"From the above statement it will be seen, that something must be done, and done at once, and done effectually, to support the institution. Its number of pupils is reduced to one, and its Treasury is deficient. But are our friends to be discouraged by the present condition of things? Are they to be permitted to believe, that all interest in the church, in regard to these essential measures for christianizing dark and suffering Africa, has been exhausted? By no means. The husbandman will not despair, because the field which he has just reaped, and gathered in its harvest, though a small one, does not present at once another crop. He must till, and plant, and pray for descending dews and fruitful showers, and the prolific influences of the blessed sun; and in due time a fresh harvest will reward his hopes, and labors, and prayers. Now Providence has encouraged us with an ample return for the little cost and trouble we have expended. We have wrought less than two years; we have expended but $1,300; and yet we send forth two missionaries authorized to carry the blessed tidings of salvation to Africa; in one of whom we contemplate a scholar of no ordinary attainments, and in the other, one prepared to exercise in a profitable manner, the ministry of reconciliation; and to these are added, a faithful and competent school-master, and two females; qualified to aid in instruction. We feel greatly encouraged, and we trust that our friends at a distance will be animated by this prospect, to exert themselves more vigorously than ever to sustain our institution by a needed supply, both of pupils and the means of supporting them.

"All that the African Mission School can do is, to pursue its first design of educating free persons of colour, who have attained the age of 18, and who can read the English language with facility, and can write, and have acquired some knowledge of the rules of common arithmetic; and of preparing them to become Missionaries, School-masters, and Catechists in Africa The number of such who are likely to be offered to the

school is indeed small; but still, a valuable and important work will be accomplished, if in future it should be no more extensive than it has been heretofore. If, in each succeeding two years, we can prepare and send forth but three or four labourers, and at an expense to Christian benevolence no greater than has attended this first experiment, what friend of

Africa will not esteem the Institution a benefit.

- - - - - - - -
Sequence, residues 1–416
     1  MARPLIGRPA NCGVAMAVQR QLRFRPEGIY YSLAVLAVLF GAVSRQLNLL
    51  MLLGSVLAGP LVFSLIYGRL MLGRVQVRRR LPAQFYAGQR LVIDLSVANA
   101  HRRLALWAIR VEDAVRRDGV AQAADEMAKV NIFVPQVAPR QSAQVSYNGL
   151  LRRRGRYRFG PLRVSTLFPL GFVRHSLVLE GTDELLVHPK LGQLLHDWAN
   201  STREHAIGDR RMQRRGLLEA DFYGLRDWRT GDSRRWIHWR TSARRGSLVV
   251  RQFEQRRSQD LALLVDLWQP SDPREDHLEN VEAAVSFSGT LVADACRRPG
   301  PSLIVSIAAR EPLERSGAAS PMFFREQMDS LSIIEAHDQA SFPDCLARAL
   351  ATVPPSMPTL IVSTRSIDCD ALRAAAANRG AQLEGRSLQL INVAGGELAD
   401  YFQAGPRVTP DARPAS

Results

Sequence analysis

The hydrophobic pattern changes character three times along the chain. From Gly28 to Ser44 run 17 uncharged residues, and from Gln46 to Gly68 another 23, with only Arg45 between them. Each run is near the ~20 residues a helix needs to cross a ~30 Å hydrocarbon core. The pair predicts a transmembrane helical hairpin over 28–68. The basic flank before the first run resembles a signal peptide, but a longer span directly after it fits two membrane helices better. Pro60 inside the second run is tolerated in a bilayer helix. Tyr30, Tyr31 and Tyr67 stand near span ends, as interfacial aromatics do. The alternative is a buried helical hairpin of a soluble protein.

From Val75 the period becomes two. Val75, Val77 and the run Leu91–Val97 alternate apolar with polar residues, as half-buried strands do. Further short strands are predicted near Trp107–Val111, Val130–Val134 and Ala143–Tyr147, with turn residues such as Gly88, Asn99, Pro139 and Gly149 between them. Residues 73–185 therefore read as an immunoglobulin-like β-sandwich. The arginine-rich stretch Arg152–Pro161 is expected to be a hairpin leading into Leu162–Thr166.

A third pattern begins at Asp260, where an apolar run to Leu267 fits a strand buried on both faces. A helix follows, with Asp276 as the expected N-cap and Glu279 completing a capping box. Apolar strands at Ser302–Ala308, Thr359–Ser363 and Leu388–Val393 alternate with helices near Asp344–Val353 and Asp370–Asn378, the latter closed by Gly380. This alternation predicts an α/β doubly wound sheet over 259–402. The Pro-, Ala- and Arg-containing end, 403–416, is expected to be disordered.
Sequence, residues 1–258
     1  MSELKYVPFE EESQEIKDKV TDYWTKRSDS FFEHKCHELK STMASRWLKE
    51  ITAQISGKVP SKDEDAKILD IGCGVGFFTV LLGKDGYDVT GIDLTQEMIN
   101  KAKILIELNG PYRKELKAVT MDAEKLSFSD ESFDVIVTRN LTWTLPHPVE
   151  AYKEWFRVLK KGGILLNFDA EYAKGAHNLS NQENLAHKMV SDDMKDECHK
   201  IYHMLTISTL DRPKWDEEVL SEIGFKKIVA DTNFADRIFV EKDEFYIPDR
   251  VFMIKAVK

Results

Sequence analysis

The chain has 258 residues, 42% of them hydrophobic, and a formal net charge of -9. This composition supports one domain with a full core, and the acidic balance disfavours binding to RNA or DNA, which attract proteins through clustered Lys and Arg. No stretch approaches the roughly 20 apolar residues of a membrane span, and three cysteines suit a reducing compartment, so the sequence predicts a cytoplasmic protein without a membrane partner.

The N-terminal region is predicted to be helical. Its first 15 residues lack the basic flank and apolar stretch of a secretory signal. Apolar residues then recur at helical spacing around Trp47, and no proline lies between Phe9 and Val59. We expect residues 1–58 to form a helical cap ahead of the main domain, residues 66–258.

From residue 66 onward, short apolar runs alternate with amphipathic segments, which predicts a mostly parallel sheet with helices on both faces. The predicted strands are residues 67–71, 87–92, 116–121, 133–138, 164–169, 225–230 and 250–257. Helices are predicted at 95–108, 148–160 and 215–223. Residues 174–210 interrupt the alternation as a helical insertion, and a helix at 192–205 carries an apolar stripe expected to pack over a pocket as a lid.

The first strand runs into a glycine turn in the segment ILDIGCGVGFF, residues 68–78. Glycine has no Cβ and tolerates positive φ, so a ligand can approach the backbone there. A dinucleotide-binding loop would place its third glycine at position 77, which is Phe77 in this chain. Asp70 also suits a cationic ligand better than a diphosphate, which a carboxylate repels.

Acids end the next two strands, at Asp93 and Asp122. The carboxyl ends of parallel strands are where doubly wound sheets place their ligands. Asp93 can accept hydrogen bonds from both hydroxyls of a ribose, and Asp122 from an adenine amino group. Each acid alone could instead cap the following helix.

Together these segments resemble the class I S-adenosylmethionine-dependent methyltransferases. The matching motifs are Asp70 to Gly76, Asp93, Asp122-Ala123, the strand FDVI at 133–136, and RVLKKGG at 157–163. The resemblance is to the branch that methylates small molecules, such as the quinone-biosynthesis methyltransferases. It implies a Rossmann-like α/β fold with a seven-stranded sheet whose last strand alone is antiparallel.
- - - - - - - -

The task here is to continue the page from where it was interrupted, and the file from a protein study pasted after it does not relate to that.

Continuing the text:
"The cause of Domestic Missions, Episcopalians with one heart and voice acknowledge to be the cause of God and of his church; and to us it seems evident, that the cause of Foreign Missions is fully identified with it in the command, 'go preach the gospel to every creature.' But whatever variety of opinions may prevail among us on this point, all of us acknowledge that Africa, though separated from us by a wide ocean, has claims upon our christian sympathies and beneficence which cannot be set aside. We owe this continent a heavy debt for the injuries which have been inflicted upon it by our forefathers; and how can we better repay it, than by sending them the gospel of peace and the blessings of civilization? The groans and tears and blood of millions of her children have been wrung from that unhappy land, by the rapacious cruelty of the white man, and of the white man bearing the name of christian, but disgracing its character as a religion and violating its principles. Let those, therefore, who have been brought to a better state of mind, be earnest in the work of reparation-the only reparation which can now be made.

"Our institution is established; its plans of operation have been tried; its first fruits are now ready to be presented before the altar of the Lord. It is with you to say, whether or not our exertions are suddenly to be broken off, just when success is smiling upon them. We trust and believe that you will send us the word and token of encouragement—that you will seek out for us pupils, and send us means to educate them-that you will feel with us the devout sentiment of gratitude-hitherto hath the Lord helped; and encouraged by this evident mark of Divine approbation, that you will be animated yourselves, and th us stimulate and sustain our labours."

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Pennsylvania Colonization Society.

The Annual Meeting of the Society was held at the Apprentices' Library, on Monday the 11th ult. when the Report of the Managers and other communications, were read, and officers were chosen for the ensuing year. The report with extracts from the communications presented and list of officers were directed to be published, and are as follows:


The proceedings of the Board of Managers in relation to the enterprise originated at a public meeting, held on the 21st Oct.